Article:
In developed countries like the United States, we tend to look for ways to conserve our power in order to keep our grid functioning. We are a high technology society, meaning we rely on computers and lighting to do our work and live our lives. As other countries develop and industrialize, they face challenges related to the baseload and power consumption from the grid at large. Here, experts weigh in on whether we can conserve our way out of a crisis.
Conservation is a Luxury
In a developing nation, like Saudi Arabia or India, power conservation isn’t always possible. In India, the grid is already struggling to balance the needs of residential and commercial customers. Nearly every day, the grid faces either a black or brownout.
In the Pacific Northwest, which is a wealthier region in the United States, studies show that a simple switch to LED bulbs throughout households would conserve enough power to meet needs for the next 20 years. The problem? LED light bulbs are expensive for developing nations, and most households can’t afford them. That outdated equipment contributes to power consumption, which puts an unnecessary burden on the grid.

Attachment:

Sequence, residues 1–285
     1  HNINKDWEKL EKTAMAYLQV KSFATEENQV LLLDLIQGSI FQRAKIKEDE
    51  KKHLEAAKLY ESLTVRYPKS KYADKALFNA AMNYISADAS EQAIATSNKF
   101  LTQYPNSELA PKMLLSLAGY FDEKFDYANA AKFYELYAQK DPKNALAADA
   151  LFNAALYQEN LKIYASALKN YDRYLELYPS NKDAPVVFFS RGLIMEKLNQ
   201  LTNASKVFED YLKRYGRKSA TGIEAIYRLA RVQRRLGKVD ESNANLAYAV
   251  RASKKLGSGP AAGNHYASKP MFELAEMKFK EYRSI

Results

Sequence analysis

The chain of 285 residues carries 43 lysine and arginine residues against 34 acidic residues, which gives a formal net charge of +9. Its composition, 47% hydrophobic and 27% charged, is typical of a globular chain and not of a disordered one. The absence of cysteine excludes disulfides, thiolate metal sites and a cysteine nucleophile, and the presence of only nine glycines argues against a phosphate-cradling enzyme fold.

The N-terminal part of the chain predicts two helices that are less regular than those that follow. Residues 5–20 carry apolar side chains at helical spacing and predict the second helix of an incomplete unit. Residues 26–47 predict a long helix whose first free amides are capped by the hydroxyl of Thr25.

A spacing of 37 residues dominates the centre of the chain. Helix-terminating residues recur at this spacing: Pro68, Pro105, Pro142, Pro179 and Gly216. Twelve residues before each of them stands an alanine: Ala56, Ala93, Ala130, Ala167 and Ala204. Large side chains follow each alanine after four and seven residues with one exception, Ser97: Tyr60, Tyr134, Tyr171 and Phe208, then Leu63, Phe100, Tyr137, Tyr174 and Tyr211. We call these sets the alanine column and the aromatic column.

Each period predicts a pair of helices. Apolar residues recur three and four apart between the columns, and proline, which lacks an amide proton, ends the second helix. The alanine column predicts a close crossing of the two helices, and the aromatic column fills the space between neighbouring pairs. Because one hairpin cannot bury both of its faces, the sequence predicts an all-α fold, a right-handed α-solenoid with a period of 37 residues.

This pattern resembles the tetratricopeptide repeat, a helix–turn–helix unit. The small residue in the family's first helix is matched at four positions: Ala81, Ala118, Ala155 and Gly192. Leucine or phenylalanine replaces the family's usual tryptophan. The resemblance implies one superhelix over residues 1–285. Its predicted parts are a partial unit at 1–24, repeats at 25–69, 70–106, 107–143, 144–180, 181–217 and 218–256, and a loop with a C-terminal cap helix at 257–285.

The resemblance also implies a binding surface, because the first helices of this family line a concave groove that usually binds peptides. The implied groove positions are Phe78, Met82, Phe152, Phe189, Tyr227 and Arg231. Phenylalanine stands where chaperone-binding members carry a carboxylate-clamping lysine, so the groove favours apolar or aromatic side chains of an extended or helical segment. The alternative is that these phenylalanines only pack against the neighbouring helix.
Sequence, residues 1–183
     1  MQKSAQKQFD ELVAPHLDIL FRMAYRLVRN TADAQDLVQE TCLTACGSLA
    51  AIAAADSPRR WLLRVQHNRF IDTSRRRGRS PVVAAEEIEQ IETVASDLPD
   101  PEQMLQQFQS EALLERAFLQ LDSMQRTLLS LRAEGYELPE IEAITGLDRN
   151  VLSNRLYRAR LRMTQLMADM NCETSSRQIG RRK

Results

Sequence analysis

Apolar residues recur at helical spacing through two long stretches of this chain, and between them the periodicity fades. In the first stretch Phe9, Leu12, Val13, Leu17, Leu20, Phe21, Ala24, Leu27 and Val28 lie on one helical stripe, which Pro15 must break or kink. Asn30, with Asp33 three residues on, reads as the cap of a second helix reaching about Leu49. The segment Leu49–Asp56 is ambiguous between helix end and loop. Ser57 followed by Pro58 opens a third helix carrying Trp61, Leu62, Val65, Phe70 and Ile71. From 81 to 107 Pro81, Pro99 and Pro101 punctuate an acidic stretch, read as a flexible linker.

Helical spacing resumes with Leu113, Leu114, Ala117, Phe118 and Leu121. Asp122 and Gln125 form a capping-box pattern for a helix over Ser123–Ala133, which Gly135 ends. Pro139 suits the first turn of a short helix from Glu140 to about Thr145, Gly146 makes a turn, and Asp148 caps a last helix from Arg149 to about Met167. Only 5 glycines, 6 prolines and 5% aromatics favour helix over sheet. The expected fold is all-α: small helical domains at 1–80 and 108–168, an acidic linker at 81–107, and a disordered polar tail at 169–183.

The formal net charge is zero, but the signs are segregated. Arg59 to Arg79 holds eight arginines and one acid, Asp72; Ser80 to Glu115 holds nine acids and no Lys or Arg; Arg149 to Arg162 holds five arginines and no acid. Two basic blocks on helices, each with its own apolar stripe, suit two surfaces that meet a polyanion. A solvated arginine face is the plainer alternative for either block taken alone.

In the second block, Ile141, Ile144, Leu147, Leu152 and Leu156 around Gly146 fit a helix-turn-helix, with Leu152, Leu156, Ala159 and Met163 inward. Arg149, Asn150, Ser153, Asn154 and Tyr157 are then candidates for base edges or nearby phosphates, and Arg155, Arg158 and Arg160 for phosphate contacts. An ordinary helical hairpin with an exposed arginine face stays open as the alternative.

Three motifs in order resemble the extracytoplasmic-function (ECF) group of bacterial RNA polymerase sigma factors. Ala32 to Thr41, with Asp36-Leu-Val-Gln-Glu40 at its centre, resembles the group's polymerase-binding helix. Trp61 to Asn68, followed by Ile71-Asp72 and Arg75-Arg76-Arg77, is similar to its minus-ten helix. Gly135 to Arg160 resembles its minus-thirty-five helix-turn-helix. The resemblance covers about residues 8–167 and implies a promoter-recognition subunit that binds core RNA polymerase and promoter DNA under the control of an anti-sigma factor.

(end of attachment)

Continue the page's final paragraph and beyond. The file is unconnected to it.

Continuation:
According to experts like Dev Randhawa, what’s needed is a higher baseload. Utilities are finding that investing in nuclear, especially at the developing nation level, contributes to more efficient power that does not emit CO2. Also, these plants can be cooled with sea water instead of fresh water. That helps indigenous populations conserve water as well. The most obvious example of these strides, says Dev, is China “They need to grow this because they have got a thirst for uranium.” Like the United States, China hopes that nuclear will handle roughly 20% of its power needs in the coming decades. India and Saudi Arabia are following suit, even though the latter is an oil-rich nation.